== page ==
The trip was tiring, but with new brushes in hand and a new post on line I was ready to go with the paints. The first day I started two new pictures and the next day two more. None of them is yet finished but all have possibilities.
The day after we went to Fairbanks it snowed, and continued to snow for another day. There are now 3 or 4 inches of snow on the ground, even though the weather has warmed up to around 30 F. A new storm — perhaps I should say stormlet — was brewing in our life.
I’ll try to lay out the problem briefly. Our house and dog sitter is a nice lady and a good friend from another island. She is almost as old as Jerry and me, and she is quite heavy, so she can’t negotiate the stairs to our loft. She is staying in our side of our duplex, and the other side is guest quarters. I had promised our guest place to my friend Gwen from Juneau for 5 days, and I told our house sitter which days to expect her. All the other days I offered the guest place to the house sitter so her friends could visit.
Gwen called me in great distress because when she called to tell the sitter when to expect her she was told she would have to share the guest place with a friend of the sitter. I was upset, but since I am a couple of thousand miles away there was nothing I could do about it. Next the house sitter called to say she had changed the time of her friend’s visit, and could she take the dogs to her island while Gwen was there? Could Gwen take care of the cat while she gone? The sitter would wait for Gwen to arrive before leaving. I was relieved and thought the problem was solved.
Next Gwen called the day she arrived to say that the sitter and dogs were gone, the house dark, the door locked and the cat trying to get in. What should she do? I told her where to find the key. Gwen had with her our friend Ria who had driven her up from Seattle. Gwen is small, smart, around 50, a bit flamboyant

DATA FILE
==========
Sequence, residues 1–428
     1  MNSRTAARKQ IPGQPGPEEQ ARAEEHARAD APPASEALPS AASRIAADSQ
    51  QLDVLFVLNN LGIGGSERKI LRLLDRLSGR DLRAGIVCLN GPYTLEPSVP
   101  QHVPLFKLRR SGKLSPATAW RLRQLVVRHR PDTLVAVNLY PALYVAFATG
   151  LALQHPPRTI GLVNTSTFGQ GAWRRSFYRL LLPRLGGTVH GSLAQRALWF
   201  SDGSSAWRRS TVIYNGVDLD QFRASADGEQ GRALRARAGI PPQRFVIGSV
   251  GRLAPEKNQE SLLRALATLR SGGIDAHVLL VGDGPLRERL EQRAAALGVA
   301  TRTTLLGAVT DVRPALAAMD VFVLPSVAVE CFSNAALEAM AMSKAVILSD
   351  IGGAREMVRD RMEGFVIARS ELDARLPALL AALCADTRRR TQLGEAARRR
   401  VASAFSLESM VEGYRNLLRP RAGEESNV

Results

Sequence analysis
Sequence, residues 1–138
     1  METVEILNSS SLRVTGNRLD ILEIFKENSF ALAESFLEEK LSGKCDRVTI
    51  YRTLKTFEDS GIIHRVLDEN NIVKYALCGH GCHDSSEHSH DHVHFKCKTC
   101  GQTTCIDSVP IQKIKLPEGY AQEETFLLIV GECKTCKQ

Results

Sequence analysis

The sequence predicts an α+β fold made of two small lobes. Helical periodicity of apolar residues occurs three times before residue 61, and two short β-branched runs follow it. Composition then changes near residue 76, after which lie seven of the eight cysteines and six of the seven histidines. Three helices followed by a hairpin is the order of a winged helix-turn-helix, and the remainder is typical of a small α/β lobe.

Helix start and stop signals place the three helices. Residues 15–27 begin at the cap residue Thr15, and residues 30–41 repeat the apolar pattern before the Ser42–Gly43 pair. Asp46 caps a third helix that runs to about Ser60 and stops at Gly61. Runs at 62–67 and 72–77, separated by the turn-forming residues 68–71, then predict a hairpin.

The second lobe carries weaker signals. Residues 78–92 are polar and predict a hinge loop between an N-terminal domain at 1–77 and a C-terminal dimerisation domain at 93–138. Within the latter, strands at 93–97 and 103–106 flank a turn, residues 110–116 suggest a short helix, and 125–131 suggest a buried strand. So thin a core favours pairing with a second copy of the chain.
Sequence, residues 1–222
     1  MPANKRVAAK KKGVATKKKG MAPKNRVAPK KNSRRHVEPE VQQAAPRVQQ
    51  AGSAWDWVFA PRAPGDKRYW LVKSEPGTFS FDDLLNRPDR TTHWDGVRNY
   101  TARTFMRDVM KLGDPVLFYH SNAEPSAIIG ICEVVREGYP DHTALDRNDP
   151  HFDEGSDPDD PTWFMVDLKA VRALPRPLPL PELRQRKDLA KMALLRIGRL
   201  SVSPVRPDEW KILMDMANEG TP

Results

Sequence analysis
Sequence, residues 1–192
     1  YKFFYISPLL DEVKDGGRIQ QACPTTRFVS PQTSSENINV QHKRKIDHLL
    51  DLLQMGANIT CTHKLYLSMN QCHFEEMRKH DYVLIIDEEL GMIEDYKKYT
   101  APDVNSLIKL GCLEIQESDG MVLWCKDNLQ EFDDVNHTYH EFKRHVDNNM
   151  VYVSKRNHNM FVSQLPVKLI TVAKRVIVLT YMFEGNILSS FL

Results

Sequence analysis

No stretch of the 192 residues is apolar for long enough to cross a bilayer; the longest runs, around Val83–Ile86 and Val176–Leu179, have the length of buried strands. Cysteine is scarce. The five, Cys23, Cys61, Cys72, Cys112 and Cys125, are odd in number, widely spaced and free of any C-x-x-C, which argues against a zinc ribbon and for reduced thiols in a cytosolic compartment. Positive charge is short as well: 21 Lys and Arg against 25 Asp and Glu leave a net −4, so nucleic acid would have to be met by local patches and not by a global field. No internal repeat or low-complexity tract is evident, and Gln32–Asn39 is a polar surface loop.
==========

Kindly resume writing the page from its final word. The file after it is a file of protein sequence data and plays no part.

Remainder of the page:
and excitable. Ria is in her 60’s is tall, smart, and calmly flamboyant. Gwen and Ria were joined by Ria’s husband, Basel, who is wiry, bald, sports a devilish little goatee, and is missing his two front teeth.
He makes grave monuments and jewelry. They were drinking wine in the living room of my side of the duplex (where the house sitter had been staying) when the sitter and her friend Penny returned from having dinner out in Bellingham. When the sitter and her friend, Penny, drove up they saw two cars in the driveway (Ria’s and Basel’s) and Basel was peeing in the yard. Penny, who was driving, deliberately blocked the cars — so that the possible buglers couldn’t escape. That’s when the tensions that had been building erupted.
The sitter declared that her space had been invaded. Penny grabbed Gwen’s bottle of wine and put it in the cupboard. The sitter demanded to know whether “that man” was going to spend the night with Gwen. Gwen, Ria and Basel prepared to decamp to the other side, when Penny told them triumphantly that their cars were blocked in. Basel, who at this point was laughing his high cackle, said, “Why did you do that, don’t you want us to leave?”